Gypsy: Vlastimil Hort narrated this game in one of his books:
<4.d4...> After the round, Najdorf and I sit in his room once again. Miguel smiles because he did not let his opponent to play Ben-Oni. And because now, during intermission, he stands to win.
<6.e3...> "6.e4 is also good," says Najdorf, "but I always like it when there is a lot of pieces on the board. Most of my games I won in the middle-game."
<10...Nxc3> Najdorf was surprised by the last move by Tal. "I expected Nf6," he says and continues to show me his game.
<16...Na5> Of course, 16...Bxh4 was not feasible for 17.Nxh4 Qxh4 18.Bg5 Qg4 19.Re4 Qf5 20.Rh4... with a devastating attack of White.
<17.Ng5...> After 17.Ne5 the pawn h4 could already be taken.
<19...Nc4> "What was I supposed to do?" asks Najdorf. "The 20.Qf4 was most attractive. Black can not play 20...e5 21.Qg3 exd4, because of 22.hxg6 hxg6 23.Ne6! and White wins. Nor he can play 20...Nb2 for 21.hxg6 with 22.Qh4! I though a whole hour here, but did not know what to play after the correct 20...h6!"
<23.f3...> Thus far, both players are playing flawlessly. White could not play the tempting 23.Ne4 f5 24.Qh6 for 24...Rc7!
<24.Qg3!...> For Najdorf, this must have been the hardest move in the game. The exchange 25.Qxf5 gxf5 26.Nd6 Rc7 27.c4 Rd8 would have probably been more advantageous for Black. By playing the last move, White actually sacrifices a pawn for an attack along the f-file.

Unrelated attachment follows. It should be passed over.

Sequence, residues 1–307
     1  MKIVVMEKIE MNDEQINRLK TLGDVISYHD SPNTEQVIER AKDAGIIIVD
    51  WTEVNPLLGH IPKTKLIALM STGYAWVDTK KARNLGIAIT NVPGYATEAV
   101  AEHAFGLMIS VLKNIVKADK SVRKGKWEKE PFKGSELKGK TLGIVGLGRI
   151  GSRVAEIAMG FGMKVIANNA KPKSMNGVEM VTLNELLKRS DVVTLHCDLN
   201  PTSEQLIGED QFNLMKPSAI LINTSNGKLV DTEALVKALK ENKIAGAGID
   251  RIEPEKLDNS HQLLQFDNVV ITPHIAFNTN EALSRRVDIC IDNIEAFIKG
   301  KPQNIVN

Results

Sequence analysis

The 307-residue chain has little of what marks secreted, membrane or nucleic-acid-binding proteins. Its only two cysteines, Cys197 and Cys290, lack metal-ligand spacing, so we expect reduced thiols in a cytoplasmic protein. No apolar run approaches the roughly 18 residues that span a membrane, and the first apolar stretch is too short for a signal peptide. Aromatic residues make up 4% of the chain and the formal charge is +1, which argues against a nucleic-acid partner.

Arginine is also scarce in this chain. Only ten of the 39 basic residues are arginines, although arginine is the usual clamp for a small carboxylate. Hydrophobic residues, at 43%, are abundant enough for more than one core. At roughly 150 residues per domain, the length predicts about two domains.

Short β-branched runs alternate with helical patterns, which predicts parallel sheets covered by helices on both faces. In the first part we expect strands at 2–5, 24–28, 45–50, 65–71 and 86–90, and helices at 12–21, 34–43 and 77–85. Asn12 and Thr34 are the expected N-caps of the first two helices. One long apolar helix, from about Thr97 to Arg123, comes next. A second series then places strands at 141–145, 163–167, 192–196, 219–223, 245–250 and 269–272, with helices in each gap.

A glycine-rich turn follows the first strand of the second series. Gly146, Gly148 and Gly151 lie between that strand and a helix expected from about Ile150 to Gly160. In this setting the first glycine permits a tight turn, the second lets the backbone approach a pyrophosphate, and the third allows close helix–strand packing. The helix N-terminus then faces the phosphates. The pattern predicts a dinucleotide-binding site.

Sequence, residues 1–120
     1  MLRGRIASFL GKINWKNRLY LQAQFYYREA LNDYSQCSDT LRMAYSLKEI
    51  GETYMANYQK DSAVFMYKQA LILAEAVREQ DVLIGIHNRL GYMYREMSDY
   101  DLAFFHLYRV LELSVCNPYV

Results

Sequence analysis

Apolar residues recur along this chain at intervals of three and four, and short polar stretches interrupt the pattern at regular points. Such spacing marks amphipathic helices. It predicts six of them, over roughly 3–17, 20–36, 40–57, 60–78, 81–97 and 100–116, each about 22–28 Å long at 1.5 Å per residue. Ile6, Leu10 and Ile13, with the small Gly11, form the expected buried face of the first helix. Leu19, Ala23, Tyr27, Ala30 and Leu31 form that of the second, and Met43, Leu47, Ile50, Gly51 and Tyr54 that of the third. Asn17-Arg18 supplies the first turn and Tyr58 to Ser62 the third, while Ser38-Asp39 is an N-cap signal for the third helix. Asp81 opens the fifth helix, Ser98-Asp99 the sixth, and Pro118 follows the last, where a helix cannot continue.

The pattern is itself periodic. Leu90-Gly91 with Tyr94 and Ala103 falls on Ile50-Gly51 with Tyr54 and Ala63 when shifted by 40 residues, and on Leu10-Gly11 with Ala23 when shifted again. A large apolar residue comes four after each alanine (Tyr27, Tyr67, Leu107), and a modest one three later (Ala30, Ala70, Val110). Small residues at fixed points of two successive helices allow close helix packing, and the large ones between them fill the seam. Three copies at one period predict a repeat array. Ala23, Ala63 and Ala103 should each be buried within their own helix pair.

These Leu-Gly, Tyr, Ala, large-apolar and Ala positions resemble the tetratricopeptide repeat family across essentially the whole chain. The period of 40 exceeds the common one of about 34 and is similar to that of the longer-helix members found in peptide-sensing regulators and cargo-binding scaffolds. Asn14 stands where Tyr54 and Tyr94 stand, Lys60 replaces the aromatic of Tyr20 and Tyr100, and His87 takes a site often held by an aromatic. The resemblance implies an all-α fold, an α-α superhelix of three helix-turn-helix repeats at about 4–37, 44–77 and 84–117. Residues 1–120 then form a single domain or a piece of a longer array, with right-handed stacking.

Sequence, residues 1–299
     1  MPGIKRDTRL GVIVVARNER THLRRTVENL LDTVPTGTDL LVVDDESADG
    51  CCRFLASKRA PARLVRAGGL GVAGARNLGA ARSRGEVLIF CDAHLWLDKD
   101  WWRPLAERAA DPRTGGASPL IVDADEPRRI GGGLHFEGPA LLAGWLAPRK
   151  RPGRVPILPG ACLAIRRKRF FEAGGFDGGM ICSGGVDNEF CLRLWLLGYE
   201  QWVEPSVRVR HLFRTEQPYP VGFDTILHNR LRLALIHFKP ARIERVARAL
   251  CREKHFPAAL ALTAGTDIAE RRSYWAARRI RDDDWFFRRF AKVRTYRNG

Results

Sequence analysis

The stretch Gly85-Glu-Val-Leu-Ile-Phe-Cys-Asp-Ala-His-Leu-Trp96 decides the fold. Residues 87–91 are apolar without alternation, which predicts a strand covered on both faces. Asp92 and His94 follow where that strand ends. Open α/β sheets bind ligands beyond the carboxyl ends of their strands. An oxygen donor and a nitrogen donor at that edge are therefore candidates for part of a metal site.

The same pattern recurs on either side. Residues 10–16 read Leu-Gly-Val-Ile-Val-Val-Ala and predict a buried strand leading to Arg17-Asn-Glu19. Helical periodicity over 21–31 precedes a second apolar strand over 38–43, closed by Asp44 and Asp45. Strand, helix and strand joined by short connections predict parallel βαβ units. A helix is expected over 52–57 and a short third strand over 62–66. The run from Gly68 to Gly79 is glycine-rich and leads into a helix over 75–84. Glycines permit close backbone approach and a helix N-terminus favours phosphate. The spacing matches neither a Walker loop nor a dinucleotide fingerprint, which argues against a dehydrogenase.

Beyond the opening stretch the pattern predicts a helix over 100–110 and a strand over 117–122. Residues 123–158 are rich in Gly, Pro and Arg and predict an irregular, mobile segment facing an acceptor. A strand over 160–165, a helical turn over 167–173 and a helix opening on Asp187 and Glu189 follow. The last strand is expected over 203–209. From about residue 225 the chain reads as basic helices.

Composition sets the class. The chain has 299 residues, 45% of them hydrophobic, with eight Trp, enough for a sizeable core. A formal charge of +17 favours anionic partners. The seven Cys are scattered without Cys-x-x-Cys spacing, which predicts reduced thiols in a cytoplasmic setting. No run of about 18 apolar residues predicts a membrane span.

<29.Ref3...> This is the core of the whole thing. Black now has problems protecting the black squares of his king-side.
<30.Qf4...> Outlines of the threat 31.Qf6+ with the following Rf3-f4-h4-h8 are suddenly on the board.
<31...Rxf3?> This in fact is the first and last Black error. After the correct 31...Qg5! 32.Rxc3 Rxc3 33.Qb8+ Kg7 34.Qxa7 Qe3+ 35.Kh1 Qh6+ 36.Kg1 Qe3+ the game would have ended a draw.
<32.Qd8+...> Important in-between move. I have to prize the move; Najdorf is watching if I am impressed. White takes under control the square h4.
<34...Rc3> Tal must have pinned his hopes upon this moves, but in vain.
<40...Kh5> Here, the game is adjourned. Najdorf knows that victory can no longer escape from his grasp. Deliberately and with epicurean care he writes the winning moves on a piece of paper. So that he does not forget? Rather that he can delight in the whole thing.
<44.Rf1!...> The winning move!
<50.Rg4...> Black surrenders. The weakness on g6 can not be protected.